3 children
1435 1446 27 March 1462, Moscow, Russia
Dmitry Shemyaka no image Son of Yury of Zvenigorod 1446 26 March 1447 1453, Moscow, Russia
Vasily II the Blind Son of Vasily I 10 March 1415 Maria Yaroslavna of Borovsk
3 children
27 February 1447 27 March 1462 27 March 1462, Moscow, Russia
Ivan III the Great Son of Vasily II 22 January 1440 Maria Borisovna of Tver
one son

Sophia Palaiologina
8 children
5 April 1462 6 November 1505 6 November 1505, Moscow, Russia
Vasily III Son of Ivan III 25 March 1479 Solomonia Yuryevna Saburova
no children

Elana Vasilyevna Glinskaya
2 sons
6 November 1505 13 December 1533 13 December 1533, Moscow, Russia
Ivan IV the Terrible Son of Vasily III 25 August 1530 unmarried as Prince 13 December 1533 26 January 1547 28 March 1584

Tsars of Russia

From the rule of Ivan III, the Grand Duchy of Moscow effectively became the dominant Russian state, overthrowing the Golden Horde, consolidating all remaining Russian principalities under itself, and conquering lands far from its roots in the city of Moscow. While Ivan III became effective ruler over the entirety of Russia, the situation was not formally recognized until his grandson Ivan the IV assumed the title Tsar in 1547, that the state of Russia (apart from its constituent principalities) came into formal being.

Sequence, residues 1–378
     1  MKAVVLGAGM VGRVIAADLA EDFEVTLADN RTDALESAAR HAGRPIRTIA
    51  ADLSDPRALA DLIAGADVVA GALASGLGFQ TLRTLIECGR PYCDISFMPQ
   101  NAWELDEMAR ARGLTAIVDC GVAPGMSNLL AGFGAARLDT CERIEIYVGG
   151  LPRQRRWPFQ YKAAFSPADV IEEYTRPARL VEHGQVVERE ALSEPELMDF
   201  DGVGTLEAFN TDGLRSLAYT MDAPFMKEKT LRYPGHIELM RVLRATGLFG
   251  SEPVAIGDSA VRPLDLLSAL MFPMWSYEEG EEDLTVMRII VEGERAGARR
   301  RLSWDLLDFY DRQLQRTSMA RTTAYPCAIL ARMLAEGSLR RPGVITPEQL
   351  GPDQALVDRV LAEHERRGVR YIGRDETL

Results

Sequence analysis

Dates are listed in the Old Style, which continued to be used in Russia.

House of Rurikovich

Monarch Portrait Relationship with Predecessor(s) Birth Marriage Ruled from Ruled until Death
Ivan IV the Terrible Son of Vasily III 25 August 1530, Kolomenskoye, Russia Anastasia Romanovna Zakharyina-Yurieva
6 children

Maria Temryukovna
one son (died young)

Marfa Vasilevna Sobakina

Anna Alexeievna Koltovskaya

Anna Vasilchikova

Vasilisa Melentyeva

Maria Dolgorukaya

Maria Feodorovna Nagaya
26 January 1547 28 March 1584 28 March 1584, Moscow, Russia
Simeon II no image None Anastasia Mstislavskaya
(great great granddaughter of Ivan III)
1575 1576 5 January 1616, Moscow, Russia
Feodor I Son of Ivan IV 31 May 1557, Moscow, Russia Irina Feodorovna Godunova
one daughter
28 March 1584 17 January 1598 17 January 1598, Moscow, Russia

Time of Troubles